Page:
Modelling was done on mechanical, thermal and hygrothermal performance. The goal was to establish design parameters not only for plain sandwich elements and half panels but also of real scale panels including window and door openings.
For the finite element calculation on mechanical performance the models were calibrated on the experimental results. This was done for the shear transfer and the composite action as well as a verification of the wind load test. A detailed analysis of a façade element with openings was then based on these calibration data.
The results of the finite element modelling helped to redefine the design of the panels concerning anchor points, number and placement of the GFRP connectors. The modelling was done on sandwich elements as well as on half elements.
Thermal performance and hygrothermal behaviour
The thermal modelling identified the influence of thermal bridges within a given building façade. As a basis a multi block and multi storey residential/business building was designed and the calculation on thermal performance was based on the design (size/thickness/window openings) of the façade elements, the anchorage and the construction of standard window and door solutions.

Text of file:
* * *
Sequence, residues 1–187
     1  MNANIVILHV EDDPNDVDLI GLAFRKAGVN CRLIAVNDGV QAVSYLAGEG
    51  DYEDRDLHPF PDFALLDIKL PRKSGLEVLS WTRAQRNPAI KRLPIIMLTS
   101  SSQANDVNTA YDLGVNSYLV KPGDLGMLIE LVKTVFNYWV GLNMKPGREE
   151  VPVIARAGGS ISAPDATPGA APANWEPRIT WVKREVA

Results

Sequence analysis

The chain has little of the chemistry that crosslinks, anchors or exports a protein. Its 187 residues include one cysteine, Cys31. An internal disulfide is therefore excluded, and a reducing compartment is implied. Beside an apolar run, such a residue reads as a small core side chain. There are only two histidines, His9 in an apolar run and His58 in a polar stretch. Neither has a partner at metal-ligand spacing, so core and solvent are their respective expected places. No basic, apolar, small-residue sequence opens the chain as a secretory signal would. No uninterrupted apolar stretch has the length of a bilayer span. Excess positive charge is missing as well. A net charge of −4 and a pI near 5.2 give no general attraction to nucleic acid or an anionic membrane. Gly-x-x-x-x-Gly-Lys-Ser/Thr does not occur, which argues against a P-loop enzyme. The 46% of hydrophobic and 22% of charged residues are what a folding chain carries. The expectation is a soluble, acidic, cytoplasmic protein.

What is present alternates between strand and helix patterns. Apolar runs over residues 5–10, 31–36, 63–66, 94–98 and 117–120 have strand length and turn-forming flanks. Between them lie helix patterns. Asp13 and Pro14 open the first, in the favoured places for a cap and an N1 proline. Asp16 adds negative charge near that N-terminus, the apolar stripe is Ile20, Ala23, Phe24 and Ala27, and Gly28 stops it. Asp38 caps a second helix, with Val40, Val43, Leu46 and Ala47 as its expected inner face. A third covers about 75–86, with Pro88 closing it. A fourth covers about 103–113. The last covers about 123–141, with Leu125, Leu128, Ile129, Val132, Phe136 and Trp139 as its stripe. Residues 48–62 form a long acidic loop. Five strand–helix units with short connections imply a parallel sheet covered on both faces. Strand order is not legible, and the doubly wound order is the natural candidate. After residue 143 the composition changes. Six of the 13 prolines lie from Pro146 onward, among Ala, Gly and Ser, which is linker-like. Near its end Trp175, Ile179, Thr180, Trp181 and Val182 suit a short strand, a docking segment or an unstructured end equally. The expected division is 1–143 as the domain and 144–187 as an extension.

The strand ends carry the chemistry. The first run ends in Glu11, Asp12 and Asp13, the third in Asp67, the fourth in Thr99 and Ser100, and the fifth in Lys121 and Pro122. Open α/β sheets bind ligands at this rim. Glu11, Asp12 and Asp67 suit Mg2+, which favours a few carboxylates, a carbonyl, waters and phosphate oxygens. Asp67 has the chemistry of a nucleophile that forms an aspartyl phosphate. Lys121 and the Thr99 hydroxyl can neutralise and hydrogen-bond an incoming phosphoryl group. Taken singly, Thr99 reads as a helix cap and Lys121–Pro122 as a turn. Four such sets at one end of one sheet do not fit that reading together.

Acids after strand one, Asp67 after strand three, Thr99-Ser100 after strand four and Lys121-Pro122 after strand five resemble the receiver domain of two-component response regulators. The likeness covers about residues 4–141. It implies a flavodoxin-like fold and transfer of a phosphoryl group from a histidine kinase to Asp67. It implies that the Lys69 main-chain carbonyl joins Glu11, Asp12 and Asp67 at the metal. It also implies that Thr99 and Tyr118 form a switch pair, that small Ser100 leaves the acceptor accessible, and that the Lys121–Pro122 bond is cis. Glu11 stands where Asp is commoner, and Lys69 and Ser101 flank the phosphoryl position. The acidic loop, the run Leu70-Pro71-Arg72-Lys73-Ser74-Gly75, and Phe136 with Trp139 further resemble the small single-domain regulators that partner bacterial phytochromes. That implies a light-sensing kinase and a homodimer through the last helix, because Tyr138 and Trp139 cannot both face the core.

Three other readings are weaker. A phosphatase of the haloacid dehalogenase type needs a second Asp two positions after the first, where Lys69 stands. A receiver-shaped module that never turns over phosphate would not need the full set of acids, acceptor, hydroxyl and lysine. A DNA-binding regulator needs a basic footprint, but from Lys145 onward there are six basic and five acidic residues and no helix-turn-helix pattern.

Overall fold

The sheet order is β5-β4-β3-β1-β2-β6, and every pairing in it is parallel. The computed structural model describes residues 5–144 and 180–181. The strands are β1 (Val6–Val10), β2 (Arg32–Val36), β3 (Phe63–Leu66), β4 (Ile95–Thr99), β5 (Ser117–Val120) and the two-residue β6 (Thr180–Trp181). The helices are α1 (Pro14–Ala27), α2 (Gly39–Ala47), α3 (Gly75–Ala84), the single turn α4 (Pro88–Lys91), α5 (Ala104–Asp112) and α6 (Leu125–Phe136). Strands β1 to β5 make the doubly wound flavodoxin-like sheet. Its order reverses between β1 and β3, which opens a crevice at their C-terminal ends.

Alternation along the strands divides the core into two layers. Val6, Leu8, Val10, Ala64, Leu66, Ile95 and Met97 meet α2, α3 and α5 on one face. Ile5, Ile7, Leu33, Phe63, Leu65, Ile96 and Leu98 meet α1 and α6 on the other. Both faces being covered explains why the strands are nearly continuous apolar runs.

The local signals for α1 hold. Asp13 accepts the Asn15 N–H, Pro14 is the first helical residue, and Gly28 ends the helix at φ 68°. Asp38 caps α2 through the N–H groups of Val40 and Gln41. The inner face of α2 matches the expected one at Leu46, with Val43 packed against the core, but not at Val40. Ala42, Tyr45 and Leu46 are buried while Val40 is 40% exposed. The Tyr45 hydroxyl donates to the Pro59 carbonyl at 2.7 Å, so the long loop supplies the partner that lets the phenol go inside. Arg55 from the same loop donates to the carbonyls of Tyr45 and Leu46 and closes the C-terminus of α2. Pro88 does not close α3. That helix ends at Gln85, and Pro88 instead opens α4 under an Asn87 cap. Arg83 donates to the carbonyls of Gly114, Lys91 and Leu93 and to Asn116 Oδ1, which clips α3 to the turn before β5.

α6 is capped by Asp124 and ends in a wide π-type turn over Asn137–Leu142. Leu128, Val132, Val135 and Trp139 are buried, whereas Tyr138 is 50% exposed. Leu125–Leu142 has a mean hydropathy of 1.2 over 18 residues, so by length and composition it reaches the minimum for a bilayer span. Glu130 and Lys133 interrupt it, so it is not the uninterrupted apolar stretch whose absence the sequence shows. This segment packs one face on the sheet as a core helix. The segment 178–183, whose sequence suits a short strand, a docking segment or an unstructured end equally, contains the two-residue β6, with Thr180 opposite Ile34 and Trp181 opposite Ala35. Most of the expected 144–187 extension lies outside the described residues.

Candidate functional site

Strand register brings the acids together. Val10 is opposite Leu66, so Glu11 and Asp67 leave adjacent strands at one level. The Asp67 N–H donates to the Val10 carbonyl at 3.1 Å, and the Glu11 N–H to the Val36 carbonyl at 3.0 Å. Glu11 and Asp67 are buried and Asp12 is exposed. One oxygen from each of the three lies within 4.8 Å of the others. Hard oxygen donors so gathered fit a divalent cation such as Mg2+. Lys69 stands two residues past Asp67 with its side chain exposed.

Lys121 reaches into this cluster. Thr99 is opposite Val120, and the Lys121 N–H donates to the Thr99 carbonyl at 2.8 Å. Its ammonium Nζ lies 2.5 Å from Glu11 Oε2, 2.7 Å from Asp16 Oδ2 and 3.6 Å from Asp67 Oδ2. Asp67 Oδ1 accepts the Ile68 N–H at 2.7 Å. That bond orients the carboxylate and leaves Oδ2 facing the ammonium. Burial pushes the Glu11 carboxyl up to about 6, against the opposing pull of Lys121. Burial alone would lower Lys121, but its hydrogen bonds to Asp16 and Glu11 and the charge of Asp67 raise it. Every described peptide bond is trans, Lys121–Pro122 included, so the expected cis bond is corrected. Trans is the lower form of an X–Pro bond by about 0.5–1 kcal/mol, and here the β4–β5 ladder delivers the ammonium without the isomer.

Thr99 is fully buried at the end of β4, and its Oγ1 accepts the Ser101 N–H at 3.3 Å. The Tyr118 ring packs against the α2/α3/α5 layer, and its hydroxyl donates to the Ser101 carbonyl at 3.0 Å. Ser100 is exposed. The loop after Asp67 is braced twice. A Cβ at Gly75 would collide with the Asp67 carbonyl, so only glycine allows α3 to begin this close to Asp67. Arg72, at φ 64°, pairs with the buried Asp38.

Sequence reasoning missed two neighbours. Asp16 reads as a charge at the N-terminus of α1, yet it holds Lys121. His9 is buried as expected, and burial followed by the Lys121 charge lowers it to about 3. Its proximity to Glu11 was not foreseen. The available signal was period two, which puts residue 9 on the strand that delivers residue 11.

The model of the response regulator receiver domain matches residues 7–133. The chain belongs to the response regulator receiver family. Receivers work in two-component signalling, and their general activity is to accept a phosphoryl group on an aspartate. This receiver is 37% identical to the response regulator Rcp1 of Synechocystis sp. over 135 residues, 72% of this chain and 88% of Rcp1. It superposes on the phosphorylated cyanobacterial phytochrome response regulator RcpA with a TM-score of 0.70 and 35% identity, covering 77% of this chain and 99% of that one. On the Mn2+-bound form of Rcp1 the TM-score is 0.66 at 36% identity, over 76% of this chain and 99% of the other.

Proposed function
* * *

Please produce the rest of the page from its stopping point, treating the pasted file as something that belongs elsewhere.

Depending on the final panel window sizes thermal average thermal transmittance (U-) values of an entire façade can be realized in the range of 0.22 to 0.25 W/(m2×K) with an insulation thickness of 150 mm and an overall panel thickness of 200 mm. Those are typical values for facades with a 200 to 300 mm EPS insulation layer.
The hygrothermal modelling showed that an optimal performance of the sandwich element system is reached in extreme moist environmental scenarios (e.g. Bergen, Norway or Gothenburg, Sweden) when a functional water repellent surface is provided to the reactive powder concrete. For dryer climates a functional water repellent surface is not improving thermal performance.